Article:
Nanocarbon via interconnects
The continuous downward scaling in integrated circuit (IC) technologies has led to rapid shrinking of transistor and interconnect feature sizes. Scaling causes reduction in interconnect linewidth, which leads to surge in resistance due to increased contributions from grain boundary and surface scattering of electrons in the metal lines. Further, current density inside interconnects is also enhanced by the reduced linewidth and is approaching or exceeding the current-carrying capacity of the existing interconnect metals, copper (Cu) and tungsten (W). The resulting failure due to electromigration presents a critical challenge for end-of-roadmap IC technology nodes. Therefore, alternative materials such as nanocarbons and silicides are being investigated as potential replacements for Cu and W as they have superior electrical and mechanical properties in the nanoscale. In this review, the electrical properties of nanocarbons, in particular carbon nanotubes (CNTs), are examined and their performance and reliability in the sub-100 nm regime are assessed. Further, the measured properties are used to project 30 nm CNT via properties, which are compared with those of Cu and W.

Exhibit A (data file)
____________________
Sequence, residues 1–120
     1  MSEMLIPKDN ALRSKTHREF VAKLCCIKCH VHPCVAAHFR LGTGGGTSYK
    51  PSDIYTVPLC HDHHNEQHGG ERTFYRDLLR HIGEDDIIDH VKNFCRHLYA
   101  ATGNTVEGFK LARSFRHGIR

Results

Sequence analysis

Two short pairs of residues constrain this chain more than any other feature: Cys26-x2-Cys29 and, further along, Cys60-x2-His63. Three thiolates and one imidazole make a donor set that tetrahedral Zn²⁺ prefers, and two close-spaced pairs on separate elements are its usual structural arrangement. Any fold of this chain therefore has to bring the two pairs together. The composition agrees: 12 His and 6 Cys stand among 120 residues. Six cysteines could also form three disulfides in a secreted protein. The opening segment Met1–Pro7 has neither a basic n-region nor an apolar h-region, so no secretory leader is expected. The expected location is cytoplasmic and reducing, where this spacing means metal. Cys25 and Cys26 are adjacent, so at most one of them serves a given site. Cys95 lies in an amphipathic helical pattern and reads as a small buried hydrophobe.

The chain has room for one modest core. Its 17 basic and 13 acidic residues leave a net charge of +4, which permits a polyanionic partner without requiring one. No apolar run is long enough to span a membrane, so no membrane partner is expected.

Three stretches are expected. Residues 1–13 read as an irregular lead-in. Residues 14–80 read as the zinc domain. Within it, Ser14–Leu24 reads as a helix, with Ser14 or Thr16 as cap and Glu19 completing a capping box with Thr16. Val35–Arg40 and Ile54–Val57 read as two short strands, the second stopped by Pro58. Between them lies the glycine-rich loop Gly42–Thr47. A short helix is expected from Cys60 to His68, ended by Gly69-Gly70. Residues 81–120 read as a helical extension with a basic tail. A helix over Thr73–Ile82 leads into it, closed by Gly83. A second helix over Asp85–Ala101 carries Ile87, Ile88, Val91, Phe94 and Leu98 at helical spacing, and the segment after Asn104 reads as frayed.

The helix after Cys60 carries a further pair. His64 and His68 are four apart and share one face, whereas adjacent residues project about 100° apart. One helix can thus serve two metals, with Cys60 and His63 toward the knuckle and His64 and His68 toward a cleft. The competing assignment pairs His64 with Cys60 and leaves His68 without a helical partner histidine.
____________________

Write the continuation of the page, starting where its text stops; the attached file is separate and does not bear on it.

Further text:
Vyas, A. A., Zhou, C., Wilhite, P., Wang, P., & Yang, C. Y. (2016). Nanocarbon via interconnects. 2016 IEEE International Conference on Electron Devices and Solid-State Circuits (EDSSC), 5–12. https://doi.org/10.1109/EDSSC.2016.7785198